What does “incorrupt” mean?The word “incorrupt” means “not having undergone decomposition, especially of a human body.” When a body is exhumed for examination and judged incorruptible, they are generally seen as a saint, although the state of incorruptibility no longer is counted as a miracle towards an individual’s cause for sainthood, as it was in … Read More
Recent events have lead many to speculate that the Vatican may be paving the way toward approval of Medjugorje as a site of Marian apparitions. On Thursday, May 31, 2018, the Feast of the Visitation of the Virgin Mary, the Vatican announced that it was appointing recently-retired Archbishop Henryk Hoser as Special Apostolic Visitor to … Read More
With any pilgrimage that you may embark on, there are plenty of ways to be immersed into a spiritual experience. You may be able to touch a relic, visit a place where Jesus may have walked, or come within feet of the Holy Father during a Wednesday Audience. But at Lourdes, the everyday pilgrim not only has the option to be immersed spiritually, but also physically, when they partake in the ritual of bathing at St. Bernadette’s Grotto.
Found in Tabgha along the shoreline of the Sea of Galilee, not far from where the multiplication of the loaves and fishes took place, is a quaint Roman Catholic Church made of gray stone. It’s quite simple, with a single column that is topped off by a bell and crucifix, and a few windows peppering the outside walls. Its red roof stands out amongst the greenery that surrounds it. This is the Church of the Primacy of St. Peter, a site that commemorates the event that started a papal lineage that spans 265 successors.
Opened in the 13th century, the Wieliczka Salt Mine was Poland’s oldest business venture until it was forced to close in 2007 due to declining salt prices and flooding in the mine. What was left behind wasn’t just a 1,072-foot-deep hole in the ground, but an astounding architectural marvel that amazes close to 1.2 million people annually.
When I first stepped foot inside the Sagrada Familia almost four years ago I was more than a little offended when a fellow art student commented that this iconic structure was “ugly.” In last week’s article, I explored the two completed facades and how they encapsulate the fullness and depth of the Catholic faith. Read More…
The Barcelona skyline isn’t really that impressive. All of the buildings tend to blend together; they share the same brown color and none of them soar higher then 3 or 4 stories tall. So when your eye wanders upon the vast Sagrada Familia in the distance, it seems even greater in size. Read More…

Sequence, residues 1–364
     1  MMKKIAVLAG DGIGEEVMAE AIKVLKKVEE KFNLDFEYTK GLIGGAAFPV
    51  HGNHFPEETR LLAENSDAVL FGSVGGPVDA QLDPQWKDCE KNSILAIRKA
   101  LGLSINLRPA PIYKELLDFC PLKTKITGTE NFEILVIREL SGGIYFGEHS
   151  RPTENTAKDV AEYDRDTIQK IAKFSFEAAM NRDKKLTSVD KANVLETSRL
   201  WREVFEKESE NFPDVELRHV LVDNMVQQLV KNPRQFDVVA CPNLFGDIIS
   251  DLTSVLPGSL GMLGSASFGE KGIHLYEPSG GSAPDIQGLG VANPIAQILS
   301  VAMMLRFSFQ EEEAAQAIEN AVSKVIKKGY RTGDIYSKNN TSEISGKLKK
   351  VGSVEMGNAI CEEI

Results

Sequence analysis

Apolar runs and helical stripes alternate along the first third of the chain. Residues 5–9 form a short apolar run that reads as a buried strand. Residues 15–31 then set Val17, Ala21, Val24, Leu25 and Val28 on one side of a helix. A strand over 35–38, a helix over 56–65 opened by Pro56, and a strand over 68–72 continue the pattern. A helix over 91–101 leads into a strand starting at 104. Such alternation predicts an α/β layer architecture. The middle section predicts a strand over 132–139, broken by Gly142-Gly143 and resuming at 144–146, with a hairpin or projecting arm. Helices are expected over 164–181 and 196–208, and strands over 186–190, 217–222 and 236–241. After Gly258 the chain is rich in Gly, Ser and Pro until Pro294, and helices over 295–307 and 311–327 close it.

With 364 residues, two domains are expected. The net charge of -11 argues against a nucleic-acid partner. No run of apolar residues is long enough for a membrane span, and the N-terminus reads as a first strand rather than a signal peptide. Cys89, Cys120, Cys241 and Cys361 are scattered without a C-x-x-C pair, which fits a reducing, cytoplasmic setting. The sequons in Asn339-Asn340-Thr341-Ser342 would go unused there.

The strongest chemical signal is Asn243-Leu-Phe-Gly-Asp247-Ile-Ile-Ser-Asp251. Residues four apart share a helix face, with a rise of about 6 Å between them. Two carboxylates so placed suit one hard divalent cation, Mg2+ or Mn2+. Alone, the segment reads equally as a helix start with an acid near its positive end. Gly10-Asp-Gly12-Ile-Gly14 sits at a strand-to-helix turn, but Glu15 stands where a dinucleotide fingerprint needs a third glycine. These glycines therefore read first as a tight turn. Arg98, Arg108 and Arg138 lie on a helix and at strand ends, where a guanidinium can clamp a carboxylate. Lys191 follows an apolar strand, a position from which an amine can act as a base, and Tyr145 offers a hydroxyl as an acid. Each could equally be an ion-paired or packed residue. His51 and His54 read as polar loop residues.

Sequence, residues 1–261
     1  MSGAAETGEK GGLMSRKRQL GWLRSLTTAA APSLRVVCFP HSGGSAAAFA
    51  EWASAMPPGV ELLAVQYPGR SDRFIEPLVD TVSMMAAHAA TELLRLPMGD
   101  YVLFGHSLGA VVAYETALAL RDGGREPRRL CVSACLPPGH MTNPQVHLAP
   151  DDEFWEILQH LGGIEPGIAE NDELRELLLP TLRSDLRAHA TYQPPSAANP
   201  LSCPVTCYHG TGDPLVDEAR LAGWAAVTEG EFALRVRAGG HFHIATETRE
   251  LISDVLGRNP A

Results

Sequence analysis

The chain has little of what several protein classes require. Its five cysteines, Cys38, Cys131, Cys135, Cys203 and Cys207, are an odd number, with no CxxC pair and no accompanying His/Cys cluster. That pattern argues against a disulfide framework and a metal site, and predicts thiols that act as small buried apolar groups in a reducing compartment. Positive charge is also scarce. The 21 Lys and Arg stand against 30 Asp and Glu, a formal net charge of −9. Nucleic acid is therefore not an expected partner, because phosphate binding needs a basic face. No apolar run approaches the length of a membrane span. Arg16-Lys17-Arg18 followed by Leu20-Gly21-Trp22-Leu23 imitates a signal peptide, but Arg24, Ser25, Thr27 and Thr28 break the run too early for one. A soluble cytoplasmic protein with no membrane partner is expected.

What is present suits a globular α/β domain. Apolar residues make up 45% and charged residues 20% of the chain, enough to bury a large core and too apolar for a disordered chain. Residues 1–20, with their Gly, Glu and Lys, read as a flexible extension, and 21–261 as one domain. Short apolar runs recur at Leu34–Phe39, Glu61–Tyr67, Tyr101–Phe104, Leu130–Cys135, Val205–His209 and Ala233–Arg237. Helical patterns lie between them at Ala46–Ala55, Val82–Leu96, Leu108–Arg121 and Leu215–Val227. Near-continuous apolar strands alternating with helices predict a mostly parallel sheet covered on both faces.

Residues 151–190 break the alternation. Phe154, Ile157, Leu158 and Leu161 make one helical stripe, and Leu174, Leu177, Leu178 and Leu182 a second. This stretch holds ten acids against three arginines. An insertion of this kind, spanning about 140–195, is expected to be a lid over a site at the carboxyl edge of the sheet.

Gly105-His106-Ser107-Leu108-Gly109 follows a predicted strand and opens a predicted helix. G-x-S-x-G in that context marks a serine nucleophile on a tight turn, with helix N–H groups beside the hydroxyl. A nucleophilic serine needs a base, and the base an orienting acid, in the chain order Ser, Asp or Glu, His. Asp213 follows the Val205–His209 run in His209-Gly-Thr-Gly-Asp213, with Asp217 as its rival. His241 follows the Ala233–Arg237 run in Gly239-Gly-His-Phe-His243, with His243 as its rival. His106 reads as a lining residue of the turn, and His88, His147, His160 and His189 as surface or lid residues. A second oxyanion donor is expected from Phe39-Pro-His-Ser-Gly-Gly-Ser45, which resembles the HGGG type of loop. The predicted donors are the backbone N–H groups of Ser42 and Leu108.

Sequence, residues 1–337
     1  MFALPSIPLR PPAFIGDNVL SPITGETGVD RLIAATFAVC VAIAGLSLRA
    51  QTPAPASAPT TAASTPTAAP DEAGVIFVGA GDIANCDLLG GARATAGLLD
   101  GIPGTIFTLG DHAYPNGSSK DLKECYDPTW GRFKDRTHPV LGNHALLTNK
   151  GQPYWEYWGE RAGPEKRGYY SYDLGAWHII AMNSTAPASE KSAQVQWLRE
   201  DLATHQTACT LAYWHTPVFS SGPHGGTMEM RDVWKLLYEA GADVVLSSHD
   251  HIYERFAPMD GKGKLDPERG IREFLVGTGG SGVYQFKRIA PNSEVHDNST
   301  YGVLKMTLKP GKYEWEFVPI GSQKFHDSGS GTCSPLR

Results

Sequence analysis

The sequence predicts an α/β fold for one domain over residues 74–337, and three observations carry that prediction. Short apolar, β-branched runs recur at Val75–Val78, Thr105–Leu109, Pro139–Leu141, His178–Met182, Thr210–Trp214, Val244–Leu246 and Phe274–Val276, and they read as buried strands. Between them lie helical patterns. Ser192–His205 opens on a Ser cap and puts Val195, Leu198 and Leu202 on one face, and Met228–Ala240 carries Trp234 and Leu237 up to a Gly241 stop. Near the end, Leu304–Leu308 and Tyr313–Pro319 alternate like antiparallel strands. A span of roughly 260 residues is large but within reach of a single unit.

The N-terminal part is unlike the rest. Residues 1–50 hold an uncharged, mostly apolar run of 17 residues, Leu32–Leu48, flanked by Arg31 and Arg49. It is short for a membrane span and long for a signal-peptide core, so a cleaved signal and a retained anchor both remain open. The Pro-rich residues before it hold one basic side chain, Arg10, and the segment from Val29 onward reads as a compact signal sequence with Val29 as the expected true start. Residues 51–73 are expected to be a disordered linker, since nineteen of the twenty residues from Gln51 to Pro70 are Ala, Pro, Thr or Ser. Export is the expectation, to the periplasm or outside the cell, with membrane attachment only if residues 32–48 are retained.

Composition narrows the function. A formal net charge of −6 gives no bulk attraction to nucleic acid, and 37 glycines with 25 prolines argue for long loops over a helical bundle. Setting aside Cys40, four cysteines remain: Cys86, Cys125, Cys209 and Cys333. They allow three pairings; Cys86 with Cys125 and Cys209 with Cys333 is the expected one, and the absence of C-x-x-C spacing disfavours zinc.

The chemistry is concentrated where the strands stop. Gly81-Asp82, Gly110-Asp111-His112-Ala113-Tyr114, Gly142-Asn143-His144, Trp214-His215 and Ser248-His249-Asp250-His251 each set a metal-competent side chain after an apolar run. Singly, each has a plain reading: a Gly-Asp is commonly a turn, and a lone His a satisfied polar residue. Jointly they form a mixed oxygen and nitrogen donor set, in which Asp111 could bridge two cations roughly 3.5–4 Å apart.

When I first walked through the doors of the Sagrada Familia, I entered as a study abroad art student, not a pilgrim. My breath was immediately taken away by the magnificent dancing colors of the grand windows and the columns that seemed to branch up into the sky for miles. Read More
When the Upper Room is mentioned, the first thing that might come to mind is Da Vinci’s The Last Supper. In his version it’s a room with a high ceiling, big enough to accommodate a table for thirteen diners (perhaps even more if they didn’t all have to sit on the same side of the … Read More
Christ is risen, Hallelujah! The forty days are over and we can finally rejoice! The Lord is so good, and in his goodness he desires to draw us nearer to him throughout the season of Lent. While we may have felt inconvenienced and slighted by the “sacrifices” that we decided to take on, we need to realize that God is calling on us to recognize that the things of this world are nothing compared to him, his awesome love, and the kingdom that he has waiting for us.
Tekton Ministries is pleased to provide this reflection from guest blogger and recent Tekton pilgrim, Megan Miranda. “Then the other disciple, who reached the tomb first, also went in, and he saw and believed; for as yet, they did not know the scripture, that he must rise from the dead. Then the disciples went back … Read More